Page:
WILDER SIDE OF OAKLAND COUNTY
Hiking can be daunting for those that never wandered off pavement or experienced any trail adventures; and at times it can be discouraging for those that have. Weather conditions change. Darkness comes early. Trails can be narrow and slippery. The visuals, perhaps comforting cues of sidewalks, buildings, road signs and urban activity are also absent. And then there is the matter of time. “My life is so busy, I only have an hour to hike and I don’t know where or how to start?”
I’m not talking about planning an all day hike, nor suggesting a hike that takes significant planning. And I’m certainly not suggesting you do what I did a few weeks ago and set off on a 40 mile trek on the Appalachian Trail in the Blue Ridge Mountains of Virginia. A trek that included total elevation changes of 8,650 feet over steep rocky terrain while keeping an eye out for sunning Timber Rattlesnakes, and then before darkness fell, hanging food bags high enough between trees to make things tough for hiker-savvy black bears. “Why am I doing this?” I experienced that feeling momentarily on day two, but I trekked on, for I am hopelessly addicted to outdoor adventure. Continue reading
Wilder Side of Oakland County
“My early morning hike of solitude on a sultry summer day at Independence Oaks County Park – North was a magical experience. Wispy cirrus clouds added definition to the clear blue sky. Spider webs sparkled with diamonds of dew. Sandhill cranes trumpeted from a wet meadow. An American Goldfinch and an Eastern Kingbird perched in tree tops to bask in sunlight, as did a Red-tailed Hawk high up on a transmission line tower. The music of crickets, and the rustle of aspen leaves in the morning’s gentle breeze softened the rumble of traffic on nearby Sashabaw Road.” I wrote those words last August as an introduction to a “Wilder Side” blog about Independence Oaks County Park – North; a 188-acre addition to the main section of 1,285-acre Independence Oaks County Park, the largest of the 13 parks managed by Oakland County Parks. Independence Oaks – North is the only Southeast Michigan park with a catch and release special designation by the Michigan Department of Natural Resources. The park also includes natural features that helped the site be classified by the Michigan Natural Features Inventory as a Priority One Conservation Area.
School is out and that means kids all around Oakland County are searching for fun activities to keep them entertained. Luckily, there are a wide variety of summer camps and outdoor entertainment happening in our area. Whether they’re interested in boating down a steady stream, hiking in the hills, crafting pieces of art, or practicing robotics indoors, communities in Oakland County have something for everyone.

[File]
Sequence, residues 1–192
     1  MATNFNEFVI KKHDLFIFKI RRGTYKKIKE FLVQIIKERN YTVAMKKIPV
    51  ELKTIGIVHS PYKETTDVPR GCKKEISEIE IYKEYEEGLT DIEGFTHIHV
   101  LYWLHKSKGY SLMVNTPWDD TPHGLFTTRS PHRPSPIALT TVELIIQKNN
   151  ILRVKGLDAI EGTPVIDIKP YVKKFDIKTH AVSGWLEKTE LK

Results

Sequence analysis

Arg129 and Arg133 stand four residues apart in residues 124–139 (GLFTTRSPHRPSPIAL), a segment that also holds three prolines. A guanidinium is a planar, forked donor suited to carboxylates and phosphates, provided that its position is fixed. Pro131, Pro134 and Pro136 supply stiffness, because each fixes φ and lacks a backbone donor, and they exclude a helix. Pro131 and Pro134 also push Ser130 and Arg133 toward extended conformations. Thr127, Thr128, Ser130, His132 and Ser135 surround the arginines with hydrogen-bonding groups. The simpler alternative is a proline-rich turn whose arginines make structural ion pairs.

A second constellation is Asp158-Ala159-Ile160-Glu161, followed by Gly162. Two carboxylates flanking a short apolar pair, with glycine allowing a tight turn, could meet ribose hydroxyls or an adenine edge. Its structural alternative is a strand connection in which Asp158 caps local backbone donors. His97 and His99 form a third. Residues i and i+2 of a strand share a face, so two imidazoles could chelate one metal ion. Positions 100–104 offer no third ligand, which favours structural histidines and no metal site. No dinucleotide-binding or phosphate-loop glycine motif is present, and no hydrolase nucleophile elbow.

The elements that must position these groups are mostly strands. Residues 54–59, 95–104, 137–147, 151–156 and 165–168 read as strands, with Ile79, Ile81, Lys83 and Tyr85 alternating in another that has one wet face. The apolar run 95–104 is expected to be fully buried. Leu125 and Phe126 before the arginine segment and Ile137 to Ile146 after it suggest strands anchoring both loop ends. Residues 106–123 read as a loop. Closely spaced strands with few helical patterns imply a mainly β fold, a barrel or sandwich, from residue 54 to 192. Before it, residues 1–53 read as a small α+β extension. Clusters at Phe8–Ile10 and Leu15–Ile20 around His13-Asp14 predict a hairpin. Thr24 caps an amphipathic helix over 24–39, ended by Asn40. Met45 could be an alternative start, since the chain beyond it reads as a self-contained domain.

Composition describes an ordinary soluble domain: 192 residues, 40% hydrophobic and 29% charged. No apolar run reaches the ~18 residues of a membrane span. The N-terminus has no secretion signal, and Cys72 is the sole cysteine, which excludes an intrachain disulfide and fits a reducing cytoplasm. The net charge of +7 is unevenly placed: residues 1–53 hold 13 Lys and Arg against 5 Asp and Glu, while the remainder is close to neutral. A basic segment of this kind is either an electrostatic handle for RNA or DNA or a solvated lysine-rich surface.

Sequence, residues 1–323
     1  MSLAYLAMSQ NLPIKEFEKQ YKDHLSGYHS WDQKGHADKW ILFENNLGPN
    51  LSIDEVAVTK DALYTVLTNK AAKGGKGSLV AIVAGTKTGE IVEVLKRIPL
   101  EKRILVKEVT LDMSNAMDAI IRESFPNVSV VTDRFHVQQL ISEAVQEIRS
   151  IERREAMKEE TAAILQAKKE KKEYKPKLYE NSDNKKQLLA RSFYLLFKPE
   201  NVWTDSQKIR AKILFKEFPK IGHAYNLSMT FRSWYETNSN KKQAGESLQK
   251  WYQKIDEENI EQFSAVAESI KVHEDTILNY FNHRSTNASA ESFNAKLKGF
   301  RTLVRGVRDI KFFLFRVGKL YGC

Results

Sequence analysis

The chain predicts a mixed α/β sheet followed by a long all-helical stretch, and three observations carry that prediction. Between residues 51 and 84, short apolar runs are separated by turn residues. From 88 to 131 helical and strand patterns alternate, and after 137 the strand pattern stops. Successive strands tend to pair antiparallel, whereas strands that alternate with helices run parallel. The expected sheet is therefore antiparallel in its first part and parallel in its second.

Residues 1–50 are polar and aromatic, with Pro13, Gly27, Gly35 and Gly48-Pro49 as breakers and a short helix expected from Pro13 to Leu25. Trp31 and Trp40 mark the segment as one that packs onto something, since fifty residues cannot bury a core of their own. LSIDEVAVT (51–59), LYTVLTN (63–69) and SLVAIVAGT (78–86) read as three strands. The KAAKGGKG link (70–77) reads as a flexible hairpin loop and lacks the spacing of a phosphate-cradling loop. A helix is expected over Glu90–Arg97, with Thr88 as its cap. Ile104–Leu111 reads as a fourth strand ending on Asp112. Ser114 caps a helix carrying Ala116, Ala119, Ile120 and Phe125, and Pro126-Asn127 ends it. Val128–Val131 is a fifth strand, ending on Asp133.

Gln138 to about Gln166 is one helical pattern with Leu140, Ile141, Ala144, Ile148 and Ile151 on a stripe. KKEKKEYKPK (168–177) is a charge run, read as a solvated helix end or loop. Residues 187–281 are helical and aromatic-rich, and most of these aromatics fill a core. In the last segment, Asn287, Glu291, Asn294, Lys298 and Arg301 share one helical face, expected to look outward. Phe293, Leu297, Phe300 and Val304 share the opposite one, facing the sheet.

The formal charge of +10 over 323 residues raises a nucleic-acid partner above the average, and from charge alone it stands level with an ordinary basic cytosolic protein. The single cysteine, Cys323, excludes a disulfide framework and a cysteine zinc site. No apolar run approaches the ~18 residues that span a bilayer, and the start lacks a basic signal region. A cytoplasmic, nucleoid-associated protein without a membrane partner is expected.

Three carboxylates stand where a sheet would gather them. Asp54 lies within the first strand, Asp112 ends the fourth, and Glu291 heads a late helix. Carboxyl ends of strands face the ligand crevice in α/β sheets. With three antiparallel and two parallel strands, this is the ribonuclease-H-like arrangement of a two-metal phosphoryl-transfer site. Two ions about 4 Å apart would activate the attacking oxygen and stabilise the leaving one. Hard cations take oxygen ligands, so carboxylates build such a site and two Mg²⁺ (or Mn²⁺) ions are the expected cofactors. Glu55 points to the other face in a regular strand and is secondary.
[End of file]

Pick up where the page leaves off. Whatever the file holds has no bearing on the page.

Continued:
For a complete list of summer camps and outdoor activities, visit our master list below.
Wilder Side of Oakland County
I am not a bird-watcher or at least I did not think I was. Here is what I do know:
Hundreds of thousands of folks across our country, maybe even millions, are serious birders that create what the birding in-crowd knows as a ‘Life List.’ That cherished list is a record of every bird species they have ever seen and identified with absolute certainty. I would be ruled out from those prestigious Life List clubs almost instantly because of the words, ‘absolute certainty.’ To my untrained eye and short attention span, a warbler is a warbler, even though 54 different species of warblers are found in North America. I even struggle to find subtle identification marks on many of our common song birds of summer such as the Red-eyed Vireo.
One could say I am just too restless and easily distracted by furry and fanged creatures to focus on a list of birds; I don’t even make shopping lists. People that pursue their personal hobby of chasing after birds to put another name on a list, will think nothing of driving hundreds or even a thousand miles to view a rare species a few days drive away. “Hey Joe, Judy just saw a rare Blue-Beaked Bobolink in the Florida Keys, up for a road trip?” And they are off, driving day and night to add one more name to a list. That’s not for me.
THE WILDER SIDE OF OAKLAND COUNTY
Turkey Tail mushrooms (Trametes versicolor) are fantastic forest fungi that are easily located in the dead of winter and in the sultry heat of summer. As forest foliage thickens during the early days of summer, these extremely common mushrooms may be eclipsed momentarily by the shadows created by dappled sunlight. If you want to photograph them, simply bring along a nature-inquisitive child on a trailside turkey tail hunting foray. It won’t take long until the excited cry of, “I see one!” is followed by an outpouring of enthusiasm to explore nature’s way at the dawn of summer.